The Confederate Constitution

Gerard Magliocca

Gerard N. Magliocca is the Samuel R. Rosen Professor at the Indiana University Robert H. McKinney School of Law. Professor Magliocca is the author of three books and over twenty articles on constitutional law and intellectual property. He received his undergraduate degree from Stanford, his law degree from Yale, and joined the faculty after two years as an attorney at Covington and Burling and one year as a law clerk for Judge Guido Calabresi on the United States Court of Appeals for the Second Circuit. Professor Magliocca has received the Best New Professor Award and the Black Cane (Most Outstanding Professor) from the student body, and in 2008 held the Fulbright-Dow Distinguished Research Chair of the Roosevelt Study Center in Middelburg, The Netherlands. He was elected to the American Law Institute (ALI) in 2013.

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5 Responses

  1. Just out of curiosity, where there any significant opinions issued by the Confederate Supreme Court? Did the Confederacy constitute inferior courts? This site has a very good comparison and breakdown between the United States and Confederate Constitutions.

  2. Gerard Magliocca says:

    Hi Josh,

    That’s an interesting question and I do not know the answer. Anyone out there have any insights?

  3. Nate Oman says:

    There was a book published in the 1940s that is a history of the Confederate judicial system entitled, Justice in Grey. According to Amazon, used copies of the book sell for over $1,000. There seems to be a market in writing on the topic if anyone is interested…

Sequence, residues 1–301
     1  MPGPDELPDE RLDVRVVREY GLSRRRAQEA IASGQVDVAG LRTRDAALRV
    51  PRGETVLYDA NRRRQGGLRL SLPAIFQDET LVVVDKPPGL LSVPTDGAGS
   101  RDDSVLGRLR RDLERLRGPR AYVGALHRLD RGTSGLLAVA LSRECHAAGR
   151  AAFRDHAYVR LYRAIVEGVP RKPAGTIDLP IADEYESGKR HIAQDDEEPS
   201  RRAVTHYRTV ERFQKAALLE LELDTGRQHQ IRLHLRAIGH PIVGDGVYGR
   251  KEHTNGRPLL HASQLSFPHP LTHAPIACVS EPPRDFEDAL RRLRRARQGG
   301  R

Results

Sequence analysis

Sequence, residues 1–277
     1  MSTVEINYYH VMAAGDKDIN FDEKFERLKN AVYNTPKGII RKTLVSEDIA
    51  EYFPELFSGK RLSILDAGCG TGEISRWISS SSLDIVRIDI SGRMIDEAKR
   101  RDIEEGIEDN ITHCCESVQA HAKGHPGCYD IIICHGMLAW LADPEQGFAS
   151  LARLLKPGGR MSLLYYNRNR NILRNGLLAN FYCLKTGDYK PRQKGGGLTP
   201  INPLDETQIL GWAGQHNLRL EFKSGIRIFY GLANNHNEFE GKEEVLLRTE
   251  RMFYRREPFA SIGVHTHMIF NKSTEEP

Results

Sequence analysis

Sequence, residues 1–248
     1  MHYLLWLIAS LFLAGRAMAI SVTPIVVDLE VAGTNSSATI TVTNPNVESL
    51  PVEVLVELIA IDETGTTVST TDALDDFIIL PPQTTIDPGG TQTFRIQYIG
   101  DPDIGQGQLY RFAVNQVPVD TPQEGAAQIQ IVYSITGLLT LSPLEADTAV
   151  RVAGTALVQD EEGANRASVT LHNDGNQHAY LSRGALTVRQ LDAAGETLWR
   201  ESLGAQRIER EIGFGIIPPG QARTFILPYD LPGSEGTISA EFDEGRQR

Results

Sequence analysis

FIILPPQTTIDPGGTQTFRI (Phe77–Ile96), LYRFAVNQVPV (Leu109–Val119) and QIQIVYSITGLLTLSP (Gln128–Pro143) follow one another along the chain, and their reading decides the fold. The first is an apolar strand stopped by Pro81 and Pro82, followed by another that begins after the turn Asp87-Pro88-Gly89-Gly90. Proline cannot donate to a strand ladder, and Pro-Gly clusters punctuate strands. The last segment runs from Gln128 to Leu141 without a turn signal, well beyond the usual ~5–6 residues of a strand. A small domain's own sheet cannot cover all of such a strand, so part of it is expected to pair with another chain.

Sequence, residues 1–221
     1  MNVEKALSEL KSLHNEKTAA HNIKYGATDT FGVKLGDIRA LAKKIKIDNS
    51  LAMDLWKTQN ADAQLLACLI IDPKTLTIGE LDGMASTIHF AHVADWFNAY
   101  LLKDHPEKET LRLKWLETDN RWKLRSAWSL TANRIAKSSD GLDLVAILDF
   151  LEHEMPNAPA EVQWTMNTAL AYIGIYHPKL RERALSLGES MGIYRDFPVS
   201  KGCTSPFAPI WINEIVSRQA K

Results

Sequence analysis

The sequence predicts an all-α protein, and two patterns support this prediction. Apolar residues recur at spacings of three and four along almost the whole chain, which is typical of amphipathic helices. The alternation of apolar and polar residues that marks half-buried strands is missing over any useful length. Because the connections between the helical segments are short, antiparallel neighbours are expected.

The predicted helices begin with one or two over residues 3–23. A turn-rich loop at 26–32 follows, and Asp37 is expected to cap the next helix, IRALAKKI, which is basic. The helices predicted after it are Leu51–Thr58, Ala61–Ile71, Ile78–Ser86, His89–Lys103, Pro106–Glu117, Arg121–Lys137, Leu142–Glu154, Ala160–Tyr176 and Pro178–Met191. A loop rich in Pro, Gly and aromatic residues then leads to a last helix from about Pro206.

4. arthur says:

    No justices were ever appointed to The Confederate Supreme Court, and the Court never convened. There are some decisions interpreting the Confederate Constitution from the state Supreme Courts of the Confederacy.

  5. The Confederate Supreme Court was never constituted. However, the state courts heard a number of important cases. The state supreme courts of the Confederate states freely cited US Supreme Court (even Marshall Court) opinions. Want to read some of these opinions? They’re in the state reporters. So, sandwiched between the opinions of the VA, GA, ALA, Miss, and NC reports in the pre-war period and the post-war period are the opinions issued when the states were part of the Confederacy.

    In addition to Justice in Grey, which as I recall focused on lower court opinions in the Confederate courts (the successor to the federal courts), Don Fehrenbacher’s Constitutions and Constitutionalism in the Slaveholding South deals with Confederate state supreme court opinions.

    J.P. Norman published a very nice piece on the Confederate state courts’ approach to conscription in the Alabama Law Review recently:

    And there’s a really terrific article by Don Nieman on the Confederate Constitution and republicanism in Kermit Hall and Jim Ely’s An Uncertain Tradition